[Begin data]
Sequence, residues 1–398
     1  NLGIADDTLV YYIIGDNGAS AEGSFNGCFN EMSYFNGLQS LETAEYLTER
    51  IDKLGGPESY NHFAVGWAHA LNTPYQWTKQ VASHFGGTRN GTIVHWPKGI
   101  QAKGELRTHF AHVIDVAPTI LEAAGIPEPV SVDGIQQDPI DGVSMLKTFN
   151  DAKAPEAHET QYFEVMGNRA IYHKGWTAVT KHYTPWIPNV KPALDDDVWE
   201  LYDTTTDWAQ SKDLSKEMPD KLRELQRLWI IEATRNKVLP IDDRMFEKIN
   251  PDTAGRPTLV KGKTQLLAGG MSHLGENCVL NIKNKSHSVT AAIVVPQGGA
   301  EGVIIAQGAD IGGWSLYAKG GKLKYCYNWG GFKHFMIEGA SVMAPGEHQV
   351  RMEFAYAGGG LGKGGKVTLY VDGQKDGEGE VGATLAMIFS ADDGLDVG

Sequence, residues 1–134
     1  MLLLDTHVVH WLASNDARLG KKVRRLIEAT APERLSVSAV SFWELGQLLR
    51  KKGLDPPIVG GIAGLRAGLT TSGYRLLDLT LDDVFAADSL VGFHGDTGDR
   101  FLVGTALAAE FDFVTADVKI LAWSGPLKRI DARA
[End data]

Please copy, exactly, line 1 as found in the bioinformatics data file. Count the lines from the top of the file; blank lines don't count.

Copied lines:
Sequence, residues 1–398